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Insect Pest Prevention

Dealing with insect pests and plant diseases is easy using natural organic programs and controls, especially if the plants have been selected and planted properly in healthy soil. When plants are stress-free, they have very few pest issues. 

On the other hand, proactive work can make having to deal with pests rare. There are two beneficials that everyone, at least every gardener, should release as the foliage emerges in spring - trichogramma wasps and beneficial nematodes. The microscopic wasps will control caterpillars and the nematodes will control a host of pest insects that have at least one of their life cycles in the ground.

Another thing I recommend to all gardeners is to grind some bay leaves and mix some in around new transplants. If you don’t have any bay plants (Laurus nobilis), plant some right away. It's a much hardier plant than others would have you believe - especially under an organic program.

This is a release card for trichogramma wasps 

Trichogramma wasps

Trichogramma wasps are released as a preventative for the control of canker worms, greenworms, loopers, armyworms, pecan casebearers, tent caterpillars, webworms and other worms that are basically the larva of moths. They must be released before the pests hatch and start eating by simply pining the cards or strips on tree trunks or fences or use twist ties. The almost microscopic wasps emerge from the sandpaper looking moth eggs and fly off to parasitize and destroy pest eggs.

If the tiny wasps are dead or have been eaten by fire ants, they won’t work. Vaseline on the nail or pin used to mount the cards or strips will prevent any existing fire ants from getting to the eggs. Dry molasses applied to the entire site at 20 lbs. per 1000 sq. ft. usually runs all the fire ants off the property.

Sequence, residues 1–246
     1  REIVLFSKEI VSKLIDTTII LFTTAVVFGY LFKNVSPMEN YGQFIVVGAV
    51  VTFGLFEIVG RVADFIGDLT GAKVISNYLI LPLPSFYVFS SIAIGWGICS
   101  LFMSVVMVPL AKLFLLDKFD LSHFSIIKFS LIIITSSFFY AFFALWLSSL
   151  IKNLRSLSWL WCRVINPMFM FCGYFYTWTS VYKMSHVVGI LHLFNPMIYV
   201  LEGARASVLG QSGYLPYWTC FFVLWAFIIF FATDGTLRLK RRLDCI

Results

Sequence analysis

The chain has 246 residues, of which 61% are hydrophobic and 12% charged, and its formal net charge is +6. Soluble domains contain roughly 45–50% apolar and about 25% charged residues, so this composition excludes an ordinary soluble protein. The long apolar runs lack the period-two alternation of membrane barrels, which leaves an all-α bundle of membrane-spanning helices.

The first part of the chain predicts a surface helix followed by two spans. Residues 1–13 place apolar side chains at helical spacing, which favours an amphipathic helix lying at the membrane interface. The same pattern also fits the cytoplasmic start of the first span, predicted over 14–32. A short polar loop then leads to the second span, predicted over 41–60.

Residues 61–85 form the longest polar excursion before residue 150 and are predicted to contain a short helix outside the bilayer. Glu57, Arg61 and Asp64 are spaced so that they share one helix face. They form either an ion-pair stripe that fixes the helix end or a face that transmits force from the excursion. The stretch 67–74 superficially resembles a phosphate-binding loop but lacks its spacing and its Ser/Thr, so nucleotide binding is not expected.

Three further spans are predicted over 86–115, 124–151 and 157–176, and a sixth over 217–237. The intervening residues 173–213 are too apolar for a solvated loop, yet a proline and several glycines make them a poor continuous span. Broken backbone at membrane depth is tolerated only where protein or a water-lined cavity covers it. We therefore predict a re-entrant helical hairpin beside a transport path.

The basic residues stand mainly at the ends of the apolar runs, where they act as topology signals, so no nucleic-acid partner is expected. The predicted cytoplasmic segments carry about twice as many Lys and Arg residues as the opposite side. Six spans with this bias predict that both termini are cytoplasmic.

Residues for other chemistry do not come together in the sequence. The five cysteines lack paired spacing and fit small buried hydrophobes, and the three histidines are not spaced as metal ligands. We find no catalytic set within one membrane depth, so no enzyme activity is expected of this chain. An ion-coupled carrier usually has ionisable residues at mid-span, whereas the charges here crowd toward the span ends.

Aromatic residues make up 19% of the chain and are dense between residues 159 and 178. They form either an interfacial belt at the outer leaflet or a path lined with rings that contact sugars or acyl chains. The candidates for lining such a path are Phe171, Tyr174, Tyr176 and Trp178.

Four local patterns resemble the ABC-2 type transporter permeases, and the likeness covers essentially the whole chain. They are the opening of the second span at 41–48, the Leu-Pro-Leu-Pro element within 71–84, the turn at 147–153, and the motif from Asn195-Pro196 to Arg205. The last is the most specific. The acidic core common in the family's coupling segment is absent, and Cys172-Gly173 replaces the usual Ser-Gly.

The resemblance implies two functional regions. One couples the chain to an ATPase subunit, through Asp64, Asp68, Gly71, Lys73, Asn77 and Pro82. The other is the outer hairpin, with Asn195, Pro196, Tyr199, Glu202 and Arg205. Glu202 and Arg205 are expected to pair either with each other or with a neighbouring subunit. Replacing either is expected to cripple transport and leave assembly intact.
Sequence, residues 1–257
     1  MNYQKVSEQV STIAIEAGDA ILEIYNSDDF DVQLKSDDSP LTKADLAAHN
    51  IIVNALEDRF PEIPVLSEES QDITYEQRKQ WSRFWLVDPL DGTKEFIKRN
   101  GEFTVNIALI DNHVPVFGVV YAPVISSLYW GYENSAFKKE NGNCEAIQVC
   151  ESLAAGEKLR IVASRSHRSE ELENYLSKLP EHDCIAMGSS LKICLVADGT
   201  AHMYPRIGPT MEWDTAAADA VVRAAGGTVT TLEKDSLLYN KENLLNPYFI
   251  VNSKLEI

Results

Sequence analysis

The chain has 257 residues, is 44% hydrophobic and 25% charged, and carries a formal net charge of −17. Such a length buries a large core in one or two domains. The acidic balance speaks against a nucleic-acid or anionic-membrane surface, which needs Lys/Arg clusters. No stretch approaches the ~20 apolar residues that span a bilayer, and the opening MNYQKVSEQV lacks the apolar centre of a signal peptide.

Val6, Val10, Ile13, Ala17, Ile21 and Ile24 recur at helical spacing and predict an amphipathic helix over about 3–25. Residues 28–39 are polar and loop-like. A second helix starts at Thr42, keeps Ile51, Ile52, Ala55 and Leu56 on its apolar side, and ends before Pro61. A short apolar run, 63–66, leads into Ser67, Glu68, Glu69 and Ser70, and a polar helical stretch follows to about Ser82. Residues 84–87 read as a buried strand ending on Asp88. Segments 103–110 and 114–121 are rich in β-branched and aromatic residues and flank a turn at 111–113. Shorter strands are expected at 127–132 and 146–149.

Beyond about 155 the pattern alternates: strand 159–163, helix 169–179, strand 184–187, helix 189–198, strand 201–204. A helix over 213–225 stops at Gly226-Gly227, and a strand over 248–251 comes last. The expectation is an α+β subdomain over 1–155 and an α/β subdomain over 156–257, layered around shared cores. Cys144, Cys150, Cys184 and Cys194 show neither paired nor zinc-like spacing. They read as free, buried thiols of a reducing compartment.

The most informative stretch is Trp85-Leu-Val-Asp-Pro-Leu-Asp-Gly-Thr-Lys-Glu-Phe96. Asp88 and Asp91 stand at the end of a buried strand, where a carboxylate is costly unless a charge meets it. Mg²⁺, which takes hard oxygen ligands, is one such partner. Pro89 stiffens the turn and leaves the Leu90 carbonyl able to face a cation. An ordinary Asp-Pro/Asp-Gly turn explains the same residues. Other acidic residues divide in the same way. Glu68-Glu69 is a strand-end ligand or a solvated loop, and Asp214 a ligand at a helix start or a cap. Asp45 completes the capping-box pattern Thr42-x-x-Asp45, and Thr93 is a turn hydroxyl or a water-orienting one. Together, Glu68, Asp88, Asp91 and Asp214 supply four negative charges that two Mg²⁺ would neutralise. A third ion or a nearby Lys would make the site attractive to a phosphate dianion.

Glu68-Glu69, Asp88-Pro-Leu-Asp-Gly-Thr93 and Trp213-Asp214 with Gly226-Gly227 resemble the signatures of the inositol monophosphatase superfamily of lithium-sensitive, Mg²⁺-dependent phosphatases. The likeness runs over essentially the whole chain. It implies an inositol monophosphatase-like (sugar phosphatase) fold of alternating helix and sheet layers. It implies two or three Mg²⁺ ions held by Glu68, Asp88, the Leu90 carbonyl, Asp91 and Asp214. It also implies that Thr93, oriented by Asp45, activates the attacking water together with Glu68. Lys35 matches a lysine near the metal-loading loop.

Beneficial nematodes control pests that have at least one of their life-cycles in the ground

Beneficial nematodes

Beneficial nematodes control insect pests by entering through the mouth or body openings; once inside the host, they feed, reproduce and release other organisms until the pest is dead. New nematodes emerge in search of other victims. An early application prior to heavy pest infestations, followed by monthly applications, is the ideal schedule when pest infestations have been a problem in the past. Once balance is reached, no more releases are necessary.

Beneficial nematodes can be stored for short periods of time at 42°F in the refrigerator. They control armyworms, cabbage loopers, Colorado potato beetles, corn earworms, rootworms, cutworms, grubs, fleas, ticks and other pests that have at least one of their life cycles in the ground.

Bud break and leaf emergence is right around the corner, so check with your local garden center, farm store or on-line insectary to get your order planned. See the list of recommended insectaries on 

Beneficial nematodes arrive in packets and can be stored for short periods of time at 42 F in the refrigerator 


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